directed by Stephen Belber
(Samuel Goldwyn Co., 2008)

While her character in Management isn't one of the sweeter and more personable characters she's played, you really just can't go wrong with any Jennifer Aniston movie. Admittedly, I was a little worried about Steve Zahn's ability to hold his own alongside her, but he turned in a terrific performance. It's not easy to play a sort of dumb character in a serious, natural and completely honest manner, but Zahn does it. There are laughs aplenty to be found here, but this is no dumb comedy -- not by a long shot.

Poor Mike (Zahn) is about as smooth with the ladies as I am. When Sue Claussen (Aniston) checks in at the family-owned hotel where he works as the night manager and janitor, he is immediately smitten and uses the old "complimentary wine" ruse to try and get to know her. A couple of uncomfortable yet very funny scenes ensue, and we learn that this beautiful woman who is way out of Mike's league is something of a lonely soul herself.

That being said, Sue has no thought of ever seeing Mike again -- until he shows up at her workplace on the other side of the country a few days later. In a seemingly foolhardy and somewhat spontaneous move, Mike has spent all of his money and left his family behind just to come and see her. Sue is less than happy about this unexpected turn of events, but a part of her can't help but be touched by the puppy-dog devotion she has inspired in this strange young man. After returning home, an undeterred Mike sends her letters and poems before chasing after her once again when she moves to the state of Washington to reunite with her old boyfriend (Woody Harrelson). Mike proves himself quite willing to do anything, no matter how crazy, to see her again. Anybody else would come across as a stalker, but Mike is far too genuine and sincere in his unabashed love for this woman to be considered anything of the sort. And no matter what happens, even when all hope is seemingly lost, he still loves Sue in a most beautiful way.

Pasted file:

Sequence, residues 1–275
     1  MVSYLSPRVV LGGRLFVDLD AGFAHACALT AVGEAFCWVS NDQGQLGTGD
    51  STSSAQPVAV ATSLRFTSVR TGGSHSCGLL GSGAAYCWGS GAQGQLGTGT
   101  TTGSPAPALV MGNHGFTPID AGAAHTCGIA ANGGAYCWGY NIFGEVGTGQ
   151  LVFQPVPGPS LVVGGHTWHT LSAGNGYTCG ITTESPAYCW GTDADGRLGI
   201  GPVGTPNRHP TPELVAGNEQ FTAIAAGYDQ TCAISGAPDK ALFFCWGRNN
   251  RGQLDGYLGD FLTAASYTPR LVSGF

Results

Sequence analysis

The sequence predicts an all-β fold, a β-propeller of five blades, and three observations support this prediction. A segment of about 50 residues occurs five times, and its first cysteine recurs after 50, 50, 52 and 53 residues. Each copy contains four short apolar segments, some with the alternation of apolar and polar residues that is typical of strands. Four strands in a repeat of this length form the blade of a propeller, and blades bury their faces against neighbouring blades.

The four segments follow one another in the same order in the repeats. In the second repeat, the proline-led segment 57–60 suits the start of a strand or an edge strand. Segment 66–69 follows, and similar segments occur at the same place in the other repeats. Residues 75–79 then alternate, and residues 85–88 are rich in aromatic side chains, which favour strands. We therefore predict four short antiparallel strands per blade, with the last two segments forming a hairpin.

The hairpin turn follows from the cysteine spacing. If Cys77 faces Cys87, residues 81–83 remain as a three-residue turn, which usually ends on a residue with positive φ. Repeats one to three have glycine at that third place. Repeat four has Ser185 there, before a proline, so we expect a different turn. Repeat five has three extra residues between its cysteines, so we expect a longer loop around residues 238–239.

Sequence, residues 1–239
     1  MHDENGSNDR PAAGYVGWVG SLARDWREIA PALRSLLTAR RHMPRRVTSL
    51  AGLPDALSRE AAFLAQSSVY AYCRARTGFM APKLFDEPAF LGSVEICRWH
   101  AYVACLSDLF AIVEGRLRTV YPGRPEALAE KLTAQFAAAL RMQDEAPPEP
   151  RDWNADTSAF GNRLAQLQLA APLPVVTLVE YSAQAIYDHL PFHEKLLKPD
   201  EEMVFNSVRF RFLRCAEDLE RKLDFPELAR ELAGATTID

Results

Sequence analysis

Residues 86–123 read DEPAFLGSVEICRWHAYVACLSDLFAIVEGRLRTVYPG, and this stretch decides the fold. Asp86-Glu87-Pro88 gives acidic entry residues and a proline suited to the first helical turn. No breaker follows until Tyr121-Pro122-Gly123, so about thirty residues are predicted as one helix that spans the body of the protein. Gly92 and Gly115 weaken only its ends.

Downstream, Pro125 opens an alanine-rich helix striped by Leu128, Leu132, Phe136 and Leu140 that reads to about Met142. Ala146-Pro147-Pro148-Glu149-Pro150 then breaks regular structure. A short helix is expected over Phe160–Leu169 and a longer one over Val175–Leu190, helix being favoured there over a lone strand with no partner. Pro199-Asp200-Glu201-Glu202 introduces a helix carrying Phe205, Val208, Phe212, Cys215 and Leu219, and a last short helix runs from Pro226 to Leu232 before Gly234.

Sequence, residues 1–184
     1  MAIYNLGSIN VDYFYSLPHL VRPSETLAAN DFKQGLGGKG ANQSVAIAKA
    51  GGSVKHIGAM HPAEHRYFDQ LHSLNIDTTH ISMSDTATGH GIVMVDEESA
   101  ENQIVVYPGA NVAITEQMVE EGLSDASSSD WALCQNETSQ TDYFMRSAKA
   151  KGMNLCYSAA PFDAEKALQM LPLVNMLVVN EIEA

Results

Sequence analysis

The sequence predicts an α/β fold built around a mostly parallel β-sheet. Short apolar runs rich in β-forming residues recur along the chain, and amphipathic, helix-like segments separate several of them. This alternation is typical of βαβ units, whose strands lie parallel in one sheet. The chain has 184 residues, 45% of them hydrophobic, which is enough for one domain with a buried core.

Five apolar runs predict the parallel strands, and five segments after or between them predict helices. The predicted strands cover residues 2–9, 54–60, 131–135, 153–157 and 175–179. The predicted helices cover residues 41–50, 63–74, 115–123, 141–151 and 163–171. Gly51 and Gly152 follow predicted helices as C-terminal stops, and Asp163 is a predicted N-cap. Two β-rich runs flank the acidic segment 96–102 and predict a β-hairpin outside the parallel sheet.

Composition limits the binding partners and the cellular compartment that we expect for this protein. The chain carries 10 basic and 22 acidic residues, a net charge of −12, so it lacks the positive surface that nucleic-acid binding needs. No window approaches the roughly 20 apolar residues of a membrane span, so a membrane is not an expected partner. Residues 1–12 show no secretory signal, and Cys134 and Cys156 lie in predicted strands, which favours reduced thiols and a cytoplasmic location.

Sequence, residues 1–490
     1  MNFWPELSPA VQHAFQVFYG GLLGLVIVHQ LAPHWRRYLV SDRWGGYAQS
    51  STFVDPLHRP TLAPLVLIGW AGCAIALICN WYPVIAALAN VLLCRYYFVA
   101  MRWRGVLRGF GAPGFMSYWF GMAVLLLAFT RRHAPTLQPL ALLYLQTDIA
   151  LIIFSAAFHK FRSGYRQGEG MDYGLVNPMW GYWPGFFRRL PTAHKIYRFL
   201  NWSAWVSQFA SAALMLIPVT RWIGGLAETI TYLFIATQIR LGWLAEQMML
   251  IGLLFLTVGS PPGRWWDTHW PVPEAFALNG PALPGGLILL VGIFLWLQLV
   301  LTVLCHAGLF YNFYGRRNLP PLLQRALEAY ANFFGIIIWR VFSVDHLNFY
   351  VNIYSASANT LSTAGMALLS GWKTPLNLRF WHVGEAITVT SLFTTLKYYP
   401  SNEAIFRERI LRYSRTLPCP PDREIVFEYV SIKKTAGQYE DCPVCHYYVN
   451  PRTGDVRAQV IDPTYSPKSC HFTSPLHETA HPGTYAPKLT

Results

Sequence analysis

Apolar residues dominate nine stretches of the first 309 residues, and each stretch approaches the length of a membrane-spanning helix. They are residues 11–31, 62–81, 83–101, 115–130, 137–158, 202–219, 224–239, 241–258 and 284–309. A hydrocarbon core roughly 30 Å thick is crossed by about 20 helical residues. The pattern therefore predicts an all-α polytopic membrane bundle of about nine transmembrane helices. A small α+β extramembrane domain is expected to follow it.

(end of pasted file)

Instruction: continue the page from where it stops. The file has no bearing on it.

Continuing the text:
The story is really all about learning to manage your own life. Even when she seemingly has all she thinks she wants and needs, it is really Sue who is screwed up the most. Mike is obviously a dreamer and an eternal optimist, while Sue tries to find happiness in going about her life in a totally pragmatic fashion. Both ultimately learn that sometimes you have to let go of everything in order to find what you have been trying to attain all along.

I loved this sweet and quirky romantic comedy. I feel sure that most people will be able to identify themselves with one of the two main characters and maybe even learn something about themselves by enjoying the comedy foibles that make up this most unconventional of romances.

review by
Daniel Jolley

12 February 2011

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